Updated 5th February 2019, taking into account new published data from the DfE.
Having spoken out on education funding for nearly 2 years now, both in Cumbria and beyond, I still get asked if it really is all that bad? This is part of the problem, as many Head Teachers are generally positive, glass half full people. We are nearly always smiling on the outside and fuelled by optimism and believe it will be alright. Our natural problem-solving traits and ‘let’s get on with it approach,’ means just that. We get by and make the best of every situation. However deep down, under the smile at the school gate, we are amidst a funding crisis which is impacting on our school communities, school staff and ultimately the pupils we serve.
The Department for Education and government ministers refute that there is a funding crisis, and often spin the lines of; ‘We have injected record levels of funding into the system,’ and ‘all talk of a crisis is nothing more than scaremongering by trade unions.’ Looking at these typical replies, they are interesting but allow me to answer these in turn.
Claim- School funding is at record levels.
– TRUE, but this is only because there are more pupils than ever before. Therefore funding will go up with rising pupil numbers.
The DfE put out a tweet on Sept 28th 2018, stating ‘there is more money going into our schools than ever before.‘ However, the DfE was’ quickly rebuked by the UK Statistics Authority1 for deliberately miss-leading. However, the damage is already done and public perception is swayed by a government keen to misrepresent the facts, to suit their political narrative.
What the DfE won’t share is that using their own workforce census data 2 and the pupil census data3, it shows that between 2010-2017, a total of 643,000 more pupils have entered the school-based system. This is the true reason for record levels of funding.
The DfE also won’t share that during the last 12 months we have an additional 66,000 pupils whilst a reduction of:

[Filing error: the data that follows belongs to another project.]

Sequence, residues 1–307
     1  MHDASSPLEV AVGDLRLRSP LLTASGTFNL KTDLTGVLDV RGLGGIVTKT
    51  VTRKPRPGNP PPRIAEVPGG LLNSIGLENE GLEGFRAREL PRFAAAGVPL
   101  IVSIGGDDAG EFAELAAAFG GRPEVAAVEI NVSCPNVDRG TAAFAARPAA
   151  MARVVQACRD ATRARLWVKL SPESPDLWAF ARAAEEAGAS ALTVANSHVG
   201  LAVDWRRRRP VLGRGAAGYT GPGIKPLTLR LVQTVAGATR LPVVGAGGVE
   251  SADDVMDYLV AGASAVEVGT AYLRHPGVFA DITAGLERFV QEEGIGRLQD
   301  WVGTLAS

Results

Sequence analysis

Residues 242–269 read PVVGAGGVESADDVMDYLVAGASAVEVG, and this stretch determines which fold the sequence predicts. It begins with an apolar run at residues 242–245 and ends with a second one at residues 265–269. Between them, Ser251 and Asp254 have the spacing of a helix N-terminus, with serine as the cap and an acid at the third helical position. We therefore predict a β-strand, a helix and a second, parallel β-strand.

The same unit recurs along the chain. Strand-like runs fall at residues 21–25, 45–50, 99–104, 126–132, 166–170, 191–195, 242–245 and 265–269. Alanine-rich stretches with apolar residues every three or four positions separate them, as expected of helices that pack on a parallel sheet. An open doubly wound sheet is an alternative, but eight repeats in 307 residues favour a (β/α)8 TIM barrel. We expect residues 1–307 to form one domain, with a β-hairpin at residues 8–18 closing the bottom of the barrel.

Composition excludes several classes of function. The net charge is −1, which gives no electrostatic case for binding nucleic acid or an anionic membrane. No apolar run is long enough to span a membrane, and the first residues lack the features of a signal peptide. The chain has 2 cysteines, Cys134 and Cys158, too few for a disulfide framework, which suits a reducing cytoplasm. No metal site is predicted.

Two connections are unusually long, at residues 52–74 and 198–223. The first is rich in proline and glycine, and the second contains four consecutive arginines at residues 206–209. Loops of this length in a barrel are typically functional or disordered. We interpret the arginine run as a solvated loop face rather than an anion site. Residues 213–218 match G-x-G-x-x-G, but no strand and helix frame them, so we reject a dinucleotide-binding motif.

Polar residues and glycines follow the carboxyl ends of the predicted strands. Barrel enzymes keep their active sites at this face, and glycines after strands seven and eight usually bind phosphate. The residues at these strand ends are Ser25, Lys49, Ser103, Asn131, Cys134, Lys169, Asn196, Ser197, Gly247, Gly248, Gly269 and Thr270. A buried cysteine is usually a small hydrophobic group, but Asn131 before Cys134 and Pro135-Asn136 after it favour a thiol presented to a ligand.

- 5,400 teachers,
- 2,800 TA’s,
- 2,600 Support staff.
-again this is calculated using the DfE data set.
Claim – All talk of a crisis is scaremongering by the unions
– FALSE. Unfortunately for the government, this is indeed false and highlighted by many individuals and organisations who use the government’s own data to highlight the true impact of government policy choices. For example, The National Audit Office (NAO) report4 discussing the financial viability of schools’ states that due to cost pressures the nations school system faces a real term loss of £3bn equating to an 8% cut to school budgets in real terms by 2019-2020.
This is further supported by the Institute of Fiscal Studies (Sept 2018)5 indicating that spending has been cut by 8% in real terms since 2010. This is even with a redistribution of £1.3bn added to the schools’ block by the DfE. Note the DfE and senior ministers refer to this as additional funding for education. However, this is factually incorrect and is a redistribution of existing DfE funding.
This is even further supported by the House of Commons Library6, which produced a report (Nov 2018) to inform MPS as to the true extent of Education including funding. Which again concludes an 8% reduction in real terms funding.
So, by using the government’s analysis of school and that of the respected Institute of Fiscal Studies, we can conclude that this is not scaremongering at all, but hard facts from analysing the government’s own data.
New Funding Formula
Before we move the discussion forward, I hear cries from people saying that the new funding formula will sort this out… Interestingly, many head teachers support the new funding formula as an idea. The aim of the formula is to ensure there is fairness between different regions, and to ensure each child gets the same amount of initial funding, regardless of where they live. Currently, we have a situation nationally where there is a disparity of funding which remains a postcode lottery. This is best explained using the pizza analogy… The aim of the new formula is to ensure that all the money in education is shared out fairly and equally. Imagine if the national schools’ budget was a pizza, it is only right that everyone gets the same sized slice. The real problem is not the slicing up of the pizza equally, it is that the pizza just isn’t big enough!